The Deadly Bees

The Deadly Bees

Trouble strikes when an exhausted pop singer, sent on a vacation to a farm, realizes that the farm's owner grows deadly bees.

Pop singer Vicki Robbins collapses from exhaustion while shooting the 1960's equivalent of a music video, and her physician prescribes a respite on Seagull Island with colleague and bee-keeper, Ralph Hargrove. Vicki finds the Hargroves' bitter marital strife oddly relaxing. But when a mysterious swarm of specially bred attack bees starts killing island residents, Vicki fights for her survival, setting fire to nearly half the structures on the island in her escape. . You can read more in Google, Youtube, Wiki


The Deadly Bees torrent reviews

Dustin N (ca) wrote: The ending gets a bit clumsy, but it was a fun mystery for the rest of the movie.

Jesper M (ca) wrote: Barbara Steele still rules, but she (along with Camille Keaton, Heather Langenkamp and PJ Soles) deserves SO much better than this uninspired mess.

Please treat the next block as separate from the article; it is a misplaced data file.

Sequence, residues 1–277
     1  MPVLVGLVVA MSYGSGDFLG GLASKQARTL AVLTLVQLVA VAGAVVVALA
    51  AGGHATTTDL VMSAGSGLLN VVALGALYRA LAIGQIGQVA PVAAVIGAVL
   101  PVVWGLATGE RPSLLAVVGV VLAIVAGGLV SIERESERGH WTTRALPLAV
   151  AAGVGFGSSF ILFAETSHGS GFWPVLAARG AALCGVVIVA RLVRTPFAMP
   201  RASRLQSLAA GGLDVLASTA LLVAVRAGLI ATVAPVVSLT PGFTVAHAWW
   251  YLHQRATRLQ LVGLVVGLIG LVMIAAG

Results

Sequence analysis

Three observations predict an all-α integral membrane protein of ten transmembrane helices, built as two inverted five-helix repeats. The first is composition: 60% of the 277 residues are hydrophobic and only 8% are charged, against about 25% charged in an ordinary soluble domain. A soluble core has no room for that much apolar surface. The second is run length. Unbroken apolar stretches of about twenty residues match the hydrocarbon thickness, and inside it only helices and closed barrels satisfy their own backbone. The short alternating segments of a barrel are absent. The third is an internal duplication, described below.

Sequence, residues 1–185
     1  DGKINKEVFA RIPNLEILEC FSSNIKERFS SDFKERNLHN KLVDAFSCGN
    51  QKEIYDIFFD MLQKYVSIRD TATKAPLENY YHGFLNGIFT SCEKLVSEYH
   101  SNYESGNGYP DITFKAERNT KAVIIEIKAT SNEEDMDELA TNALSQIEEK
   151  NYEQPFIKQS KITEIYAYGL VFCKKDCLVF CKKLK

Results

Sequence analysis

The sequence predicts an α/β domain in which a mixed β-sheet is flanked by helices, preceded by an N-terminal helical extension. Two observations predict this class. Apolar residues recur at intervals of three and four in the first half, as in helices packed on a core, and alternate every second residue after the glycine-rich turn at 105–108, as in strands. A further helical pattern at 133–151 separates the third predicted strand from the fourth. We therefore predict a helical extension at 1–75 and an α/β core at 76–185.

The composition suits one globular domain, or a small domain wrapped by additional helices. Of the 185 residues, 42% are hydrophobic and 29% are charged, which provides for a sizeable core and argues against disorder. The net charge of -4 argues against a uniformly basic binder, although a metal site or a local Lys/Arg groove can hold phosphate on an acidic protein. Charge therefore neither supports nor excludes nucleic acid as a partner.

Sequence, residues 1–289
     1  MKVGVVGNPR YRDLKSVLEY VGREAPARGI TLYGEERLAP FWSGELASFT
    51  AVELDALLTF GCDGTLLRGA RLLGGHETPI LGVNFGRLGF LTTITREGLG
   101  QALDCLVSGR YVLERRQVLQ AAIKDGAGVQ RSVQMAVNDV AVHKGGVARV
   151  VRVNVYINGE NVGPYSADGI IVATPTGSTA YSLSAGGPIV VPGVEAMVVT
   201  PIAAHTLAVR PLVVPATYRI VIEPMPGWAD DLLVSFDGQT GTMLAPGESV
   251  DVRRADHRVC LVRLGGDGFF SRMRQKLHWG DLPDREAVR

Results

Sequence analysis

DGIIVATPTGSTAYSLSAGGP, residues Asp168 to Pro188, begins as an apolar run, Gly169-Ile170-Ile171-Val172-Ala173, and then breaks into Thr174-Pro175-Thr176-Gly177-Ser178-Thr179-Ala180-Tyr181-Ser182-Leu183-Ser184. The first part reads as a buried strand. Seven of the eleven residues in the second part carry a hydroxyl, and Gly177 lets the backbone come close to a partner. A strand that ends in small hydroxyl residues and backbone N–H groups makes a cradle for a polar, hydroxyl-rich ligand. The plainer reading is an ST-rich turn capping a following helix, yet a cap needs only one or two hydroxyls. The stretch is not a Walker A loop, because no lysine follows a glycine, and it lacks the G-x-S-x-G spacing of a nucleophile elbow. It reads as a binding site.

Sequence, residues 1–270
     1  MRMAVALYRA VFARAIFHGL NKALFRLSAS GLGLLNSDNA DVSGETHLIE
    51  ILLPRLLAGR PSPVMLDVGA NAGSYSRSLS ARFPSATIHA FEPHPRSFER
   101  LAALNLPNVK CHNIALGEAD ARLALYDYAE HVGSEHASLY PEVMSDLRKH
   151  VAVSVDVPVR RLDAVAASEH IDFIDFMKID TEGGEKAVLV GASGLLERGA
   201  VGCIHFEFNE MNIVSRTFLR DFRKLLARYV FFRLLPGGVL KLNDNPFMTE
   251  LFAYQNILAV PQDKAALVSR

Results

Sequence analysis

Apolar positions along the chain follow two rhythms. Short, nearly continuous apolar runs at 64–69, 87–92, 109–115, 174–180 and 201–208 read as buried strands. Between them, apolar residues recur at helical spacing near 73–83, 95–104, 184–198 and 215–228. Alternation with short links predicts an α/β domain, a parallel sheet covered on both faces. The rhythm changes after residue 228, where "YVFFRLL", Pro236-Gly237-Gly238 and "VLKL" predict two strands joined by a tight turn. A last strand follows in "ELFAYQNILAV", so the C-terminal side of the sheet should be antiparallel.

Kristina K (ru) wrote: A little insane, but fun to watch. Love Thomas Haden Church!

Alfie D (nl) wrote: I thought this was a great movie. Great characters and even a few funny scenes here and there.

Nikki D (gb) wrote: Average stalker after one night stand film. Has been done better in other films. Could have done with a more exciting twist at the end, her weird brother could have had a more improved role.

Moura T (de) wrote: un film comme une rvlation.. sublime..

Private U (jp) wrote: Oh god I should get out more!! Another kick alien ass B movie from the Hollywood machine. Why dont they invest in Dolphins or jungle creatures instead of insulting us with this rubbish?

Martin K (nl) wrote: Beatifull. Irreverent. Anapollogetic, this great films feel like one of the old movies from France and Italy in their golden age. Leo Carax Rocks! (Also his Wife)

Alyson C (es) wrote: I need to see this again when I'm not experiencing the worst migraine of my life.